Even though pie crust is produced with the simplest basic components, it may leave people captivated, especially when cooked correctly. Many recipes abound on how to make the perfect pie crust, but what you need to know for the best results is the right cooking time and temperature, all of which we have provided you with in this article.
We have also gone a step further and highlighted some really helpful tips that may mean the difference between a generally good and an amazing, great-tasting pie crust.
Pie Nutrition Facts
Tips for Cooking Pie Crust
The following are important tips you should pay close attention to when making pie crusts:
Begin with Cold Butter – For the flaky pie crust, it’s critical to start with very cold butter, so it doesn’t melt as you mix it into the flour. The butter and flour are overly combined when this happens, resulting in a mealy, crumbly crust rather than a flaky one.
If you have warm hands, live in a warm region, or are creating a large amount of pie dough, put the butter in the freezer for a few minutes. When cooking a pie in warm or hot weather, it’s also a good idea to cool the bowl and even the flour.
Make sure the water is just enough – Don’t use too much water if you want a soft and tender pie crust. Gluten proteins are formed with the help of water, so if you add more water than is required, the crust may remain flaky but will be hard rather than soft.
Trust your fingertips over your eyes for the following reasons: when pushed between your fingers, the dough should remain together, though it will still look shaggy.
Make rolling much easier – Before chilling the dough, take the effort to shape it into an even, circular disk with clean, smooth edges. Rolling out the dough will be much easier because the edges are less prone to fracture.
Use a lightweight metal pie plate and bake-filled pies on a preheated, rimmed baking sheet if you’d like a crisp pie crust. Both will aid in the speedy setting of the crust, keeping it from becoming mushy. Baking on a baking sheet is also useful for capturing any dripping juices.
Try blind-baking – Blind baking is baking an empty pie crust before filling it. The crust gets a head start by being blind-baked, allowing it to firm up before adding the filling. The crust will not go soggy as a result of this.
Blind-baked pie crusts keep their shape with the help of dried beans or pie weights. Without them, the bottom of the crust will rise and puff, and the sides will slide down due to the weight of the crimped edge.
Ideal duration for blind-baking – The crust is frequently blind-baked until cooked through and golden brown in recipes where the filling does not require additional cooking or cooks for a short length of time, such as cream pies or fruit tarts. However, in recipes where the pie cooks for a long time after adding the filling, it’s better to blind bake the crust only halfway, so it doesn’t overcook while the filling bakes.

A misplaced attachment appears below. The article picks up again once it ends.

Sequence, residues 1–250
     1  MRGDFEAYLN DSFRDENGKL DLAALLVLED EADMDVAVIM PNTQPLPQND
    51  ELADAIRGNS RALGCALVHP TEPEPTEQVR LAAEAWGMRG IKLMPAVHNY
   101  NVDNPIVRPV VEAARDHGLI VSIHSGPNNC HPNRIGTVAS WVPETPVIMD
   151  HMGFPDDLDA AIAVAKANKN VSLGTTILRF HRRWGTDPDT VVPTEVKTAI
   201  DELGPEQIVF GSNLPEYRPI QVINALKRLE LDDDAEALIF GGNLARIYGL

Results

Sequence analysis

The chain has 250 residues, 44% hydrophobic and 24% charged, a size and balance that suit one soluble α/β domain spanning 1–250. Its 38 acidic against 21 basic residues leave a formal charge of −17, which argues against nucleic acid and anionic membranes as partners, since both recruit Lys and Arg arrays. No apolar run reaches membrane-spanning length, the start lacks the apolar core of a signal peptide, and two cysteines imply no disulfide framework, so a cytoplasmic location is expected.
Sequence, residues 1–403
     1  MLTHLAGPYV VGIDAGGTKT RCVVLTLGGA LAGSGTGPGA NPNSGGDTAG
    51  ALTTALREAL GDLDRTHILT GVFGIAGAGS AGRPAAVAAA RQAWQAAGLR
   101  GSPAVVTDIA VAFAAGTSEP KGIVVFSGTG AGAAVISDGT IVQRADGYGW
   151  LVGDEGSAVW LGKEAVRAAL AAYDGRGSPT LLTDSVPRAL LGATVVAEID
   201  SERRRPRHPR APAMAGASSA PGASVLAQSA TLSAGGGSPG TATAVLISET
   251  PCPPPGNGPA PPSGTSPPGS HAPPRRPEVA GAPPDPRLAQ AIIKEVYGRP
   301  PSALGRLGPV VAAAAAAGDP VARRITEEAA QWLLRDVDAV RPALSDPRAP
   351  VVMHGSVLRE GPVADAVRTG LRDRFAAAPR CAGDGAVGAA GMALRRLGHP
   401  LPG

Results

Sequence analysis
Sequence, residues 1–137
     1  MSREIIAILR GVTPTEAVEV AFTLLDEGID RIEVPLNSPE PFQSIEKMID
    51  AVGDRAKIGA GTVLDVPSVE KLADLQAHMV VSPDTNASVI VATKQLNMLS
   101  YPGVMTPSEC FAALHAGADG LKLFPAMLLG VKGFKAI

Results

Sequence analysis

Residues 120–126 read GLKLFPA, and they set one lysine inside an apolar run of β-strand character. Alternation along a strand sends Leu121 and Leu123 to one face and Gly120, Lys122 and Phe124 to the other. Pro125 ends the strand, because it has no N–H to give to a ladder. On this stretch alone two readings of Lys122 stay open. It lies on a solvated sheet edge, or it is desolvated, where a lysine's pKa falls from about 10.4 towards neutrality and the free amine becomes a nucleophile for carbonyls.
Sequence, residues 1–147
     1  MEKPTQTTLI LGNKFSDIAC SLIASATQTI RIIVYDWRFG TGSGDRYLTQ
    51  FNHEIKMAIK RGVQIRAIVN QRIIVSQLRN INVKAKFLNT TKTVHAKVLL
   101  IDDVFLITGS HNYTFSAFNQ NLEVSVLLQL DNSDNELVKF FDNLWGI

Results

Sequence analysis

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Cooking Time for Pie Crust
The amount of time it takes to bake a decent pie crust depends on the recipe you’re following, but generally, you can follow the instructions in the table below:
|375°F to 450°F (pre-baking a store-bought crust)||10 – 12 minutes|
|350°F (pre-baking or blind-baking a homemade crust)||35 minutes in total|
- Freeze the butter and lard for 15 minutes. Remove and cut both into little pieces when ready to use.
- Pulse flour and salt three to four times in the bowl of a food processor. Add the butter and pulse 5–6 times, or until the texture is mealy. Add the lard and pulse 3 to 4 times more. Remove the lid from the food processor and spray the whole surface of the mixture with water. Pulse 5 times after replacing the cover.
- More water should be added and pulsed until the mixture holds together when squeezed. In a large zip-top bag, squeeze the mixture together until it forms a ball, then press into a round disk and chill for 30 minutes.
- Preheat the oven to 425 degrees Fahrenheit.
- Refrigerate two metal pie pans until ready to use.
- Take the dough out of the fridge. Cut the plastic bag along two sides, open it to expose the dough, and flour both sides.
- Cover with plastic wrap and roll out to a 10 to the 11-inch circle using a rolling pin. Re-open the plastic and dust the top of the dough with flour.
- Remove the pie pans from the fridge and place the first one on top of the dough. Turn everything over and pull the plastic off the bottom of the dough.
- Place the second pan on top of the dough and flip it over. Remove the first pan from the top of the dough. If necessary, trim the edges to leave an edge for the meringue to stick to. Place dough in the refrigerator for 15 minutes after poking holes in it.
- Fill a large piece of parchment paper with dried beans and place it on top of the dough. Bake for 10 minutes after pressing beans into the dough’s borders.
- Remove the parchment and beans and bake for another 10 to 15 minutes, or until golden brown.
- Place on a cooling rack after removing from the oven. Allow for thorough cooling before filling.
- This pie crust recipe takes a total of 1 hour and 40 minutes to make, with a preparation time of 15 minutes, a rest time of 1 hour, and a cook time of 25 minutes. It is also a pretty straightforward process to follow and promises great-tasting results.
If you’re looking for more insightful ways to make a pie crust, you could check out this video recipe.